“When you do not see the plurality in the very structure of a theory, what do you see?” — Maria Lugones (2003, p. 75)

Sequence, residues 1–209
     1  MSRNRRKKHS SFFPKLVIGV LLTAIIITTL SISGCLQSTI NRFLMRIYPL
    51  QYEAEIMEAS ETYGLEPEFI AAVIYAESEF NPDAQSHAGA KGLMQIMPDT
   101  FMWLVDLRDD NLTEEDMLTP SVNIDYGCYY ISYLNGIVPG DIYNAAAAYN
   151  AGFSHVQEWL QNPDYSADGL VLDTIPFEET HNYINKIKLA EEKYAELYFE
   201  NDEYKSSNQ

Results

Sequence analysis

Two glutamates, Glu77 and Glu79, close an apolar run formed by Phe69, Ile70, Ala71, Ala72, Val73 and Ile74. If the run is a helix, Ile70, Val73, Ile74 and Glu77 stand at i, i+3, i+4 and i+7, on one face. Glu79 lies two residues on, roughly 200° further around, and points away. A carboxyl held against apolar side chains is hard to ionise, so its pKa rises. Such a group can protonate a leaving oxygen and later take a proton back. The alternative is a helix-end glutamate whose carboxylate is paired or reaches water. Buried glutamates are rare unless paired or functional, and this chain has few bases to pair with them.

Trans, transgender, trans-, trans*, trans of color, and trans* of color mean different things to different scholars. Their meaning depends on which field, genealogy, and political commitments we ascribe to familiar terms and constructs. Specifically, I am interested in trans- as a field invested in categorical crossings (Stryker et al., 2008) but taking the lens of decolonial thinking. Decolonial philosophy is committed to delinking from the strictly Anglo and Euro-centrist world knowledge system and delinks the self from modes of being, living, and thinking established through colonization (Grosfoguel, 2002; Lugones, 2007; Mignolo, 2002). Decolonial thinking for trans* of color research and critique offers pluralist approaches to trans affect, embodiments, consciousness, materiality, and practices (DiPietro 2019, 2020a; 2020b; Lugones, 2020; Salas-SantaCruz, 2021a; 2021c). It is important to note that for some early trans scholarship, the asterisk in trans* has denoted gender variability (Halberstam, 2018) or a wildcard of the multiple configurations of trans- phenomena (Miller, 2018; Nicolazzo, 2016; 2017b; Tompkins 2014). For Black scholars, Latinx, and decolonial thinkers, however, the asterisk signals a critique of whiteness and investments in the human/ non-human/ post-human and even the figurations of monstrosity and its connection to neoliberal politics of inclusion, visibility, and equity (Bey, 2017; 2022; DiPietro, 2016; 2019; 2020a; 2020b; Ellison et al., 2017; Gill-Peterson, 2018; Green, 2016; Green & Bey, 2017; Hayward, 2017. Trans* signals a new orientation for trans-educational criticism and research that begin with and centers on Black, Decolonial, and Indigenous feminisms. A trans* of color critique that begins and ends with trans people of color knowledge, theories, and experiences within and despite coloniality as foundational to trans-critique. Specifically, I am interested in trans* of color critique as the pluralist approach to the category trans in its application for trans* of color educational criticism and research.